Retirement Opportunity is Calling!
I spend a lot of time talking about the Millennials.
There is no question…. the Millennials are the drivers of the U.S. consumer and house & home marketplace.
They are the ones out there buying their first-time homes or selling the condos to get a yard complete with a swing set, kiddie pool, sand box, family room, laundry room and garage.
They are the ones where the moms are saying “I work from home now based on my schedule or I quit” to their bosses… and the dads are out buying lawn mowers and learning how to garden.
The blog that I posted last month challenged the news stream about folks not going back to work because it was easier to collect Uncle Joe’s Pandemic funds — which was not the driver of the challenges employers face.
In that blog, I highlighted the Millennial moms staying home and also the Boomers retiring.
Since then, a series of news articles have posted highlighting nearly the same facts and stats I shared last month.
One of the articles that ran in the Wall Street Journal this week bore the headline, “Retirement Muddle Jobs Policy.”
The FED Chairman, Jerome Powell is quoted in the article as saying, “This is an extraordinary time, and we really don’t have a template of any experiences of a situation like this.”
Then the article goes on to state, “Some older people (actual phrase used) who were laid off last year may have decided to retire rather than look for new work in the middle of a Pandemic.”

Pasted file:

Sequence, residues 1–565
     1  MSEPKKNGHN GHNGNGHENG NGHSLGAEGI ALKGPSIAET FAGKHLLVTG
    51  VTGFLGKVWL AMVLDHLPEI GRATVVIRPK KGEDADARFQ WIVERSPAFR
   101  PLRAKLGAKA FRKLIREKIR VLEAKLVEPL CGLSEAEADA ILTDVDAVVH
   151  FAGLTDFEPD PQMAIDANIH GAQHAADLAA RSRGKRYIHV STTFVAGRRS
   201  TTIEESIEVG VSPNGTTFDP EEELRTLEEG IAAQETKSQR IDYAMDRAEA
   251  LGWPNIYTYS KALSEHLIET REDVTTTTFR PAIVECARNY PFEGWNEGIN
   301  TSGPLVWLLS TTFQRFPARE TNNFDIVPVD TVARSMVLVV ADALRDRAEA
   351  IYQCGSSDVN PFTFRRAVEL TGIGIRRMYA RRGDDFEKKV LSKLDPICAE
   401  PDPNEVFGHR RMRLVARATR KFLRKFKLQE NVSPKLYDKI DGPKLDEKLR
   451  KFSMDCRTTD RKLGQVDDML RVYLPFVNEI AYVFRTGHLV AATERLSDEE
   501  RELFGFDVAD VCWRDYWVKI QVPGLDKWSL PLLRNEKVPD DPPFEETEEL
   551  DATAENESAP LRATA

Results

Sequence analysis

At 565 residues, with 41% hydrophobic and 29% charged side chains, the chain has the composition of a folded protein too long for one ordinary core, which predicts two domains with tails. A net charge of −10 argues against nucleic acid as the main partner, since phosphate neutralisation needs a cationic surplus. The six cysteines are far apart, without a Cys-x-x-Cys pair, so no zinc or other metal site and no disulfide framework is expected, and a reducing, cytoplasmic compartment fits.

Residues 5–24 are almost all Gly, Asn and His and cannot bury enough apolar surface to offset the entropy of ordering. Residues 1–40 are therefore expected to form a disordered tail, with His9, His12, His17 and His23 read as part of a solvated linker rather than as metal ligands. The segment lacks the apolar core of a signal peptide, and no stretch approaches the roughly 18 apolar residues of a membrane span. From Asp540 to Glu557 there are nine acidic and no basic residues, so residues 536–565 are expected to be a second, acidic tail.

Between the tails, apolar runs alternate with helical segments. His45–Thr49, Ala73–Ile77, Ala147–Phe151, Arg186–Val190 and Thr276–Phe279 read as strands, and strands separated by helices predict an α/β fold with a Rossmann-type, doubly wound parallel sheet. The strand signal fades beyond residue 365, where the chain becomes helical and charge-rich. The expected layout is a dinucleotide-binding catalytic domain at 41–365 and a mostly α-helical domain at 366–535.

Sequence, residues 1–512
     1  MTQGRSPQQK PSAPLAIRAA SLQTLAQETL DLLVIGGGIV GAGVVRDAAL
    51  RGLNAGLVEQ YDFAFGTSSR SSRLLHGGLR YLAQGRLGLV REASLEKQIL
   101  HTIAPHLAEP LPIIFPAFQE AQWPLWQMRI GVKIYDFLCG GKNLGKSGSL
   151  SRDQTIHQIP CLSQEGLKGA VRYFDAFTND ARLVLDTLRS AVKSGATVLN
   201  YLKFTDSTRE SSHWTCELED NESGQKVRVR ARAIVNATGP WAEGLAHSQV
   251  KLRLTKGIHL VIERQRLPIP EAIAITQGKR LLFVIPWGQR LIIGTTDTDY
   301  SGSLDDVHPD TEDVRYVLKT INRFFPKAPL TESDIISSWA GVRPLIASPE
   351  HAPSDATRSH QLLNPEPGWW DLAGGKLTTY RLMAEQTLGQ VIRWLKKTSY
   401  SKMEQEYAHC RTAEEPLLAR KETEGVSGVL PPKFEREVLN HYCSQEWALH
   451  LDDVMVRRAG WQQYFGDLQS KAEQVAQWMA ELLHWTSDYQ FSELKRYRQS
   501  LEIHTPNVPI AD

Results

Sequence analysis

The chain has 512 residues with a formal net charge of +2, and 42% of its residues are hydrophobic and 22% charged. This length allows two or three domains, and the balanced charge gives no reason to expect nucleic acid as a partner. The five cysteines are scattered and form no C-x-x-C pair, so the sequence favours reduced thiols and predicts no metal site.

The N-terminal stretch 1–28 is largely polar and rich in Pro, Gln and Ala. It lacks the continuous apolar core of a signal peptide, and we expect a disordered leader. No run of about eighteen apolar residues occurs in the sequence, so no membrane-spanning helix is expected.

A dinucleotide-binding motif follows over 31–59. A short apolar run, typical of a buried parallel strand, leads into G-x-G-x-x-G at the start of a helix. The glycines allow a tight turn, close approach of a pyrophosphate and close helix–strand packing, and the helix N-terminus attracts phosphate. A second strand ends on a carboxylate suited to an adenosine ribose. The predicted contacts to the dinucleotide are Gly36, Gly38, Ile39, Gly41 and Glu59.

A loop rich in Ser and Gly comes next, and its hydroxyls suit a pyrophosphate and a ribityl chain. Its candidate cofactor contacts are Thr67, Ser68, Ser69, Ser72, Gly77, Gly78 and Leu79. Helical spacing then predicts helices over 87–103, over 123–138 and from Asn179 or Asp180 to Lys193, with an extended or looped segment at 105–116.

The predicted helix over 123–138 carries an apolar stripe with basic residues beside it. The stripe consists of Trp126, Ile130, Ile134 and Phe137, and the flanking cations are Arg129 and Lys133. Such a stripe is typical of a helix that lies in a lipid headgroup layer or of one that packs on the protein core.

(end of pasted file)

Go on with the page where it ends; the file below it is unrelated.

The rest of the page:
Those “older people” … folks like the author of this blog post! … are Baby Boomers… 75 million folks born between 1946 and 1964 who now post the age of 57–75 years.
While not all of the 75 million can retire today and secure their monthly social security checks, the vast majority can … and will.
Let’s step back and look at the pre-Pandemic… pre-housing shortage… pre-inflationary economy retirement mindset.
Here at EXPERIENCE we work with a set of lens of looking at the American populace on the neighborhood level that consists a set of nicknamed market groups.
A set of those groups bearing nicknames like “Cruisin’ to Retirement,” “New Empty Nests” and “Middleburg Managers” that we bundle up into a target group we call, “Transitioning Boomers.” A group that we may soon call “New Retirement Boomers.”
This is a group that has sheltered money in stock portfolios with dreams of someday having that house on the beach… or intown hi-rise… or country farmhouse overlooking a winery… or an energy-smart eco-green environmental habitat.
Today, if there are any of those dream houses available, they last no longer than hours on the market and sell for anywhere from 30–50% above the asking price.
The fashionable intown neighborhoods are transitioning too.
Those Starbucks are no longer open for reading the New York Times and the Whole Foods has evolved into an Amazon.com sub-brand. And the taxes on those intown houses are about 30–50% higher than the retirement funds are engineered around.
Grandkids have since arrived as their Millennial sons and daughters work to renovate those “mid-century homes” built in the 1970s with the harvest gold and avocado appliances that today with some new paint brand names are “hip” and “cool” all over again.
These are the same Boomers that went to retire a couple of years ago and live the “good life,” only to face the challenge of caring for parents who had lived longer combatting medical conditions that in the past resulted in quicker partings.